EXTRA staff will be put in place in the under-pressure accident and emergency department of Northampton General Hospital using a share of £3 million new investment.
The money will also be used to fund additional ambulance crews, to ensure there is no delay in responding to 999 calls.
These are among a raft of measures to be introduced in an attempt to ease the winter pressures being felt by the county’s healthcare services.
A number of schemes totalling £1.4 million have been agreed by the county’s clinical commission groups (CCGs) and NHS Northamptonshire, and in addition the Department of Health has made available £1.7 million for the county.
The funding, announced yesterday, follows the tragic death of 87-year-old Phyllis Asten last week, who died following a 90-minute wait for an ambulance after she fell over in the garden of her home in Spencer, Northampton.
Dr Darin Seiger, chairman of Nene Commissioning, said: “We welcome this additional funding, which will assist us in our goal of ensuring patients receive the best possible care in the most appropriate setting.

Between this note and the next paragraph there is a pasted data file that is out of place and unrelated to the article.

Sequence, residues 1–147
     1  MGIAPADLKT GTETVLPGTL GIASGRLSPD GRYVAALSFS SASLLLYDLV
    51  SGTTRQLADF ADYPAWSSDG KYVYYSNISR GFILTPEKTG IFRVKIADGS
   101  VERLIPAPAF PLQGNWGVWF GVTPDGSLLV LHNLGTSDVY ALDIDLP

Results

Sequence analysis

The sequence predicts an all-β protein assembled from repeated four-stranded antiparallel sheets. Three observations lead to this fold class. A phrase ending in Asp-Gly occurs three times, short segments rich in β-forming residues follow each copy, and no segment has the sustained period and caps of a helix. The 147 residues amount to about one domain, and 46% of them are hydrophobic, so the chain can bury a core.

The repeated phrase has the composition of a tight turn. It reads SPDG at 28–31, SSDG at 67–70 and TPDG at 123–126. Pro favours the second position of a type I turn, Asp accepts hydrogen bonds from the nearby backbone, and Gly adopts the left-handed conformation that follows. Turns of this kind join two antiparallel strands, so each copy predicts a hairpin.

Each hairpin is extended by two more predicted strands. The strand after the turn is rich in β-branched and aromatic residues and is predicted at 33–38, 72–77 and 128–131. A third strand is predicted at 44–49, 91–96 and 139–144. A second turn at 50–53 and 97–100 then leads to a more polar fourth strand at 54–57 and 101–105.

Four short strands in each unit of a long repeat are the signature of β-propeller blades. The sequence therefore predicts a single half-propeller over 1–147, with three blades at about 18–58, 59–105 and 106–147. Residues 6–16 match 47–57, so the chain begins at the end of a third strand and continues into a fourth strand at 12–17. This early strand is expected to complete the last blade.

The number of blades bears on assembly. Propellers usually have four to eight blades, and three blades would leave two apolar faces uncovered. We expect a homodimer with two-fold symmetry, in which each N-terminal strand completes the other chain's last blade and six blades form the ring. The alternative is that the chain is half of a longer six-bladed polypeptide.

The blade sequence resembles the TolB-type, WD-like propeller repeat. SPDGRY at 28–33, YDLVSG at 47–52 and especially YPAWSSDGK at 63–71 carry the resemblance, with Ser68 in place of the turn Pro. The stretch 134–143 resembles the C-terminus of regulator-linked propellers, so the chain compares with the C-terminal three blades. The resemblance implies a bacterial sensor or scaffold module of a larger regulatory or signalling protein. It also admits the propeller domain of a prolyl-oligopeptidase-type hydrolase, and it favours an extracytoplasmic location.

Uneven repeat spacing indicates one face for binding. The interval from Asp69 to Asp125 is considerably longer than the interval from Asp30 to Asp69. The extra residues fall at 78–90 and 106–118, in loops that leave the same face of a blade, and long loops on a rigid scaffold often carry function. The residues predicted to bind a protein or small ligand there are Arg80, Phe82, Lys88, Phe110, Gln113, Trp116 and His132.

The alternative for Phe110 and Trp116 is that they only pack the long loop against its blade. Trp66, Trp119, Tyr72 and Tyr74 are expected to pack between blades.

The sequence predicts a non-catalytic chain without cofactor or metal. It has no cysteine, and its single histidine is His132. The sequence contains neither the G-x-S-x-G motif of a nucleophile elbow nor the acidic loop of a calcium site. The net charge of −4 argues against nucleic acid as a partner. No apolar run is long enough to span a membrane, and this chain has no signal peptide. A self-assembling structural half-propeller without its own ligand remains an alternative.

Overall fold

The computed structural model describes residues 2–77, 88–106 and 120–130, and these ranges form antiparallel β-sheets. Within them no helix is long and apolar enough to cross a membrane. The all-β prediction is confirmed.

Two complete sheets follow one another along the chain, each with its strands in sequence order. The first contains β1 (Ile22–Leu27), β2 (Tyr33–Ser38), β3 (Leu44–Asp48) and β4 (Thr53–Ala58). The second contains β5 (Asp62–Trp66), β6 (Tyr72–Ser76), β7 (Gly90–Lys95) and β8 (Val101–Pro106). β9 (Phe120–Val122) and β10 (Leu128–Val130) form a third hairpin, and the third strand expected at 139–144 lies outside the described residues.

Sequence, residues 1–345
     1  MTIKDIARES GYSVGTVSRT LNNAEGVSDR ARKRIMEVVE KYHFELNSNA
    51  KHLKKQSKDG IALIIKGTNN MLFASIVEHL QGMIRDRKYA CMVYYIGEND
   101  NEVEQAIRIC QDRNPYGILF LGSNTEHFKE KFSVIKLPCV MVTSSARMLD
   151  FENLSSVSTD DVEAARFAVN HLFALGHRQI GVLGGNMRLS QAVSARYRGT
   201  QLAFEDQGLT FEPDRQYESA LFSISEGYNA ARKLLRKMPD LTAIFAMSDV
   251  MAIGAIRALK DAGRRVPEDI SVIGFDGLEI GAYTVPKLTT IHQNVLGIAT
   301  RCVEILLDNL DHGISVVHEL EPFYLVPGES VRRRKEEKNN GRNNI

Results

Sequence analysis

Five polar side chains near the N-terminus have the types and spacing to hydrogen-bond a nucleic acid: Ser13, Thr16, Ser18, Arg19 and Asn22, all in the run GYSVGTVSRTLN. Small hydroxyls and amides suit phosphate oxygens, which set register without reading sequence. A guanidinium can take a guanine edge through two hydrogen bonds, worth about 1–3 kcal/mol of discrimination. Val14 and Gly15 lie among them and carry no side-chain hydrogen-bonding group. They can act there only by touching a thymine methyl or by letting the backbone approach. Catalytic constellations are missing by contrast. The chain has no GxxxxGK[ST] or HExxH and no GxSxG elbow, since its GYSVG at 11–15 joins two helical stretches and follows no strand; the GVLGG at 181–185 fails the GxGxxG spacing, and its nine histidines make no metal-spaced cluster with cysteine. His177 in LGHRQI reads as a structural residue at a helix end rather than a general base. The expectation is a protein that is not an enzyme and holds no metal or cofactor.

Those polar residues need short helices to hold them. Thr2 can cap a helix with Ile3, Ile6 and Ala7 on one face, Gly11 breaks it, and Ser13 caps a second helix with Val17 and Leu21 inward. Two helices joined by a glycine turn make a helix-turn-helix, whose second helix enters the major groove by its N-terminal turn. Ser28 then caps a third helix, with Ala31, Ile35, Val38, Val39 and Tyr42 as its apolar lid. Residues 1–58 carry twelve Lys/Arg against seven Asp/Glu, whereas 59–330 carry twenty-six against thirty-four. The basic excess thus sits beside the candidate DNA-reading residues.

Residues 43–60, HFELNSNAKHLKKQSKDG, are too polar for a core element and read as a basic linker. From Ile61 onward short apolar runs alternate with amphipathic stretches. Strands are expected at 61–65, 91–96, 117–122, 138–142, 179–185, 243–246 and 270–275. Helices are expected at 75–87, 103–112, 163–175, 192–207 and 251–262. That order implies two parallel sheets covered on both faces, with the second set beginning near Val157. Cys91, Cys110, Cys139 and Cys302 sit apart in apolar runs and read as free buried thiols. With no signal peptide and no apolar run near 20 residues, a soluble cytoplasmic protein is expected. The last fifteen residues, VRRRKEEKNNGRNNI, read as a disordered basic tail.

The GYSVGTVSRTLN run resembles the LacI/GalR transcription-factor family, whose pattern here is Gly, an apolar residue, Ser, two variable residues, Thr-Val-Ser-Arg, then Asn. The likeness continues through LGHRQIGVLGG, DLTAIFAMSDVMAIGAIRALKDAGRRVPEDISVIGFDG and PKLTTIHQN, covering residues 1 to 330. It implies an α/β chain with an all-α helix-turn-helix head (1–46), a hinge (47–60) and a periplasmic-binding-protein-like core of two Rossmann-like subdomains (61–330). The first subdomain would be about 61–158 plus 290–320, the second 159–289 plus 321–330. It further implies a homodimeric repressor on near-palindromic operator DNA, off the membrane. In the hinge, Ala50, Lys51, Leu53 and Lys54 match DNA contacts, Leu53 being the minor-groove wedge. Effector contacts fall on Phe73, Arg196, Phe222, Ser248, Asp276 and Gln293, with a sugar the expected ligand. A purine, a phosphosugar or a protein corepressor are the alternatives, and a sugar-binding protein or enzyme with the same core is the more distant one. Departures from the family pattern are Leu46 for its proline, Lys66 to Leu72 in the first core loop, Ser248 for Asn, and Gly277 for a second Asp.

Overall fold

“There have been enormous pressures on the whole health system in Northamptonshire throughout this winter, in common with the rest of the NHS, and it will take time to solve these issues but this funding will help.”
NHS Northamptonshire, Nene Commissioning, Corby Healthcare, Northamptonshire County Council and the Department of Health will work together to ensure the funding helps the flow of patients through the health and social care system during an extremely busy winter.
A&E at Northampton General Hospital experienced three highest-level ‘black alerts’, when the hospital is struggling to cope, in just three weeks in October and one in December.
It also broke records twice for high levels of admitted patients. NHS Northamptonshire said there was no one specific reason for the extreme demand on services, but issues included finding appropriate accommodation for patients once they were ready to be discharged, capacity in community beds and specialist care centres, and an increase in admissions, particularly to Northampton General Hospital.
The additional funding will include:
£250,000 on consultants and nurses for the accident and emergency department at Northampton General Hospital.
Extra ambulance crews to be put in place to ensure 999 calls are responded to without delay.
The expansion of the hospital ambulance liaison officers (HALO), who support ambulance staff on arrival at hospital.
£130,000 to fund two additional consultant emergency physicians at Kettering General Hospital, to work until the end of March.
Better access to GP services, including additional out of hours support.
Rapid response community nursing service in Northampton and Kettering.
£50,000 for an enablement therapy scheme at Kettering General Hospital.